Not Kayaking the South Island of New Zealand 

When the email arrived in late October, the day before I left Canada, telling me my December kayak/hiking trip from Christchurch to Queenstown had been cancelled due to lack of interest, I was puzzled and annoyed. It seemed an ideal way to see New Zealand’s wild, west coast. In late October, the website listed the trip as “guaranteed” (only to attract interest apparently). I booked flights based on this. Scrambling, I found a cycling holiday with the same dates and covering the same route but in reverse. I booked it, forgot about it and flew off, shooting through London and David Bowie’s art collection at Sotheby’s, cycling in the thick heat of Sri Lanka, marveling at the dozens of beaches in Sydney, Australia and briefly attempting to surf. I was feeling good.

Arriving in Queenstown in early December, I rushed out to admire the town instead of sitting down to read the trip notes. Situated on Lake Wakatipu and surrounded by the Remarkables, a mountain range with a ski field (as New Zealanders call them) of the same name, Queenstown is New Zealand’s winter and summer playground.

Lake Wakatipu is shaped like a lightning bolt, crystal clear and averages 320m deep. Although 10° C all year round, it doesn’t deter water sports and the surrounding mountains offer some of the best skiing in the Southern Alps.

As the next day dawned, it dawned on me that I might have to cycle through these mountains to get to the west coast. I was the cycling guide’s first pick-up. Mild panic set in as we collected the others. They were young, fit and many had brought their own expensive, light-weight road bikes. I had signed up for a road bike tour with a group of hard-core cyclists, including an Australian man who competed in bike track races! They’d come to climb the Crown Range. Gulp. I should have done my homework.

It didn’t help that I was the only one that would have to ride a tour-company-supplied heavy, hybrid bike with a nerdy-looking carrier rack and a big, wide uncomfortable seat, the heaviest bike I’ve ridden on a cycling holiday. By the end though I had to admit that it did help me climb the hills.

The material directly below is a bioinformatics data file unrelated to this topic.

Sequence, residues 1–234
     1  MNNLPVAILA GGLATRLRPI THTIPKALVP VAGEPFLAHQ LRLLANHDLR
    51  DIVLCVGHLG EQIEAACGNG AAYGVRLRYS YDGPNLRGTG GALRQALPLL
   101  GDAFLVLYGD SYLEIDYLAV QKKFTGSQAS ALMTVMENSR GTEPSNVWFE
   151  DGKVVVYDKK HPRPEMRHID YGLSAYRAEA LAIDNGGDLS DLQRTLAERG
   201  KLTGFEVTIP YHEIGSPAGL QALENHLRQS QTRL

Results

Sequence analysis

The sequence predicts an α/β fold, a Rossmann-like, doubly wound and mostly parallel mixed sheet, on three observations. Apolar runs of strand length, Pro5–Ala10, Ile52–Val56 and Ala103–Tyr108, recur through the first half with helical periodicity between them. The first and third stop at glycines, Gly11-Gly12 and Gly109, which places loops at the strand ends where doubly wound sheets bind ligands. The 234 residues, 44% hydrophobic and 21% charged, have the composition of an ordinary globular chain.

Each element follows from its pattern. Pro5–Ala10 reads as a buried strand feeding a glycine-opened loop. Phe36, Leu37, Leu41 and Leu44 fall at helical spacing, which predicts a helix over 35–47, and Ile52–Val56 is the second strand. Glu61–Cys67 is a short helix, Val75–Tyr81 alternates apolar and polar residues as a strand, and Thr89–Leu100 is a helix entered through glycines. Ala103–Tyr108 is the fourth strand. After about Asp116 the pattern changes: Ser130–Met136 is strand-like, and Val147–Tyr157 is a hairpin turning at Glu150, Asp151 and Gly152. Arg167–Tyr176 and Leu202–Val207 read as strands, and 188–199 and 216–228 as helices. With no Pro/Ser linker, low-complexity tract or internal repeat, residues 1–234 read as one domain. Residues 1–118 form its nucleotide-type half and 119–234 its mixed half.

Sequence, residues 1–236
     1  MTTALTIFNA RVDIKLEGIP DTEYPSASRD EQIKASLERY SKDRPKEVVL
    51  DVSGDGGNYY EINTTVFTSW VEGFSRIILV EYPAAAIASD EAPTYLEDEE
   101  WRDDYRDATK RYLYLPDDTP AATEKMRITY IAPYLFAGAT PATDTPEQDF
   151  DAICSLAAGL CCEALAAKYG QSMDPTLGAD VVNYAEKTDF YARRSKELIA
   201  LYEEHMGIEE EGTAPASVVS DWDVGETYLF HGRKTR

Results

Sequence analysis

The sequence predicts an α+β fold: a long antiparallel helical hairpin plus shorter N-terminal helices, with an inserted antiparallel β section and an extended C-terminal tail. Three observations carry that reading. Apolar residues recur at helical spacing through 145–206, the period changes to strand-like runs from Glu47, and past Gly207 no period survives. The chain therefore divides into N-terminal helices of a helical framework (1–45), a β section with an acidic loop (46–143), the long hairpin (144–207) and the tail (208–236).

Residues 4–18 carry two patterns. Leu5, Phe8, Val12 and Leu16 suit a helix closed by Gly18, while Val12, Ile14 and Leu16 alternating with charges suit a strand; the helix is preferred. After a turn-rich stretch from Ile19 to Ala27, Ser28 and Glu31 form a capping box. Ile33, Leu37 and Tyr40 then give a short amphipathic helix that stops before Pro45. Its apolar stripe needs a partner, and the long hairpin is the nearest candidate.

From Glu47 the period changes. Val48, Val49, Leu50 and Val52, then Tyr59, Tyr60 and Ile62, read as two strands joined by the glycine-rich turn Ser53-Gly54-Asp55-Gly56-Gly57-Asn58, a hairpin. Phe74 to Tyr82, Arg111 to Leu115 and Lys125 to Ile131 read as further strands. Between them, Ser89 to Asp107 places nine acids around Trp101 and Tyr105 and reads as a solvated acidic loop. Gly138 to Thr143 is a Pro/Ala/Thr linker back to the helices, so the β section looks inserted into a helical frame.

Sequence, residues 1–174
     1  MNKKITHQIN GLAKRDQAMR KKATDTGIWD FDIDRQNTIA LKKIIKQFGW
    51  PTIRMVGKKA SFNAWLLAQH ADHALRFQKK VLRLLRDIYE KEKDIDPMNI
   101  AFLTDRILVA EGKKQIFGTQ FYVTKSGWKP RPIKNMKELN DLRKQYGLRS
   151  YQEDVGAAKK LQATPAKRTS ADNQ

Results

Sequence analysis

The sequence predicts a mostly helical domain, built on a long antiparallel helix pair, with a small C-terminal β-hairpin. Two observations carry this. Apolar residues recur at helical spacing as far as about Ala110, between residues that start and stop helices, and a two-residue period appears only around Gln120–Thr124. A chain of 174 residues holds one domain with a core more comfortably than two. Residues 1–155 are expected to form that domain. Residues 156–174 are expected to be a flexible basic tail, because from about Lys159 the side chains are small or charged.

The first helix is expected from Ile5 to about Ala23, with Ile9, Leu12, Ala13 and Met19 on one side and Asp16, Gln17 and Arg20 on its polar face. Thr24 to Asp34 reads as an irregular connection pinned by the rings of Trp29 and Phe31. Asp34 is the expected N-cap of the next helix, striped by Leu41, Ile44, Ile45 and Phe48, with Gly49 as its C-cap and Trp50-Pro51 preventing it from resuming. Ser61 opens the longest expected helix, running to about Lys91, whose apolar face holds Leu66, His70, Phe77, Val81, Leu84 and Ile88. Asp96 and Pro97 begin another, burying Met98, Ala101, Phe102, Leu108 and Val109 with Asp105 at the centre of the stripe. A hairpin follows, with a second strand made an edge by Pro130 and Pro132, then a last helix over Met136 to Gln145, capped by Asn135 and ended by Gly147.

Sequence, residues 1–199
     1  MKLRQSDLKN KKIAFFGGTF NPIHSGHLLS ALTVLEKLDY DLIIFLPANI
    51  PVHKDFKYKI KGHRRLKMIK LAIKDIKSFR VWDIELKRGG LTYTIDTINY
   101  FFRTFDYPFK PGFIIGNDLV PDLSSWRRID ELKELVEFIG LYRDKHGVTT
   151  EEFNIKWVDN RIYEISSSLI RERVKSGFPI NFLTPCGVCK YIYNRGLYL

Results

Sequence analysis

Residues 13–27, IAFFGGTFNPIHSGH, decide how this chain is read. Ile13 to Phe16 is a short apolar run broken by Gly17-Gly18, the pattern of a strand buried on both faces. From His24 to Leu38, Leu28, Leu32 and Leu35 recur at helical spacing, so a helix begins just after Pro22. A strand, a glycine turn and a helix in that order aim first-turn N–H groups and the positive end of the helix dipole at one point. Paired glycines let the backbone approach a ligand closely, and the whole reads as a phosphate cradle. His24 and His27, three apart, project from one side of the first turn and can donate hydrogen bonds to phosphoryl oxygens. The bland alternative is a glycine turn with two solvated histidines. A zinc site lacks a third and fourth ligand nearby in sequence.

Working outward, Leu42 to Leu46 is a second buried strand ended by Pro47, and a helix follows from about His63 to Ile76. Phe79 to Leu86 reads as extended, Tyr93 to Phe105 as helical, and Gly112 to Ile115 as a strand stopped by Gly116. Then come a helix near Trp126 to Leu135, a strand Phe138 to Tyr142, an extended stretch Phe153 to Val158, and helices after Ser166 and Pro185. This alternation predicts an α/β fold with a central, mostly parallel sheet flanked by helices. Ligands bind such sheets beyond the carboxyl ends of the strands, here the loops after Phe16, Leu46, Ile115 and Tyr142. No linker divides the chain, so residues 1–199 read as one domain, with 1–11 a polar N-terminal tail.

Luckily, there were two “road-bikey” girls from Singapore who rode slowly as well (it must be flat in Singapore). We reached the bottom of the Crown Range by mid-morning on the first day. Two of the hard-core cyclists got in the van and so did the girls from Singapore. Not wanting to outdo them (as if…) I hopped in the van too 🙂 and skipped the 8 km climb. Does riding down the other side and on to Wanaka allow one to claim to have “done” the Crown Range? Probably not. “If the group hadn’t been in such a rush I would have tried it” I said confidently from the comfort of the van.

Over the next 5 days, the beauty of New Zealand’s west coast and the more reasonable pace of the Singapore duo made me forget the roadies at the front and enjoy the trip, despite the fact that I spent much of the rest of it wet.

The next day we rode to Haast in the rain. Riding with foggy sunglasses and squishy shoes is right up there with long climbs in terms of discomfort (why is it that I bother to ride a bike, I wondered). But the rainforests (that well earn their name) glistened in the rain, the air smelled fresh and the picturesque waterfalls along the roadside offset the misery.

We made the most of the dry bits for the rest of the trip because aside from one warm, sunny day, much of it was cold, windy and wet.

Luckily, our first glimpse of the Tasman coast was in the sunshine as we rode to Ship Creek and on to Bruce Bay.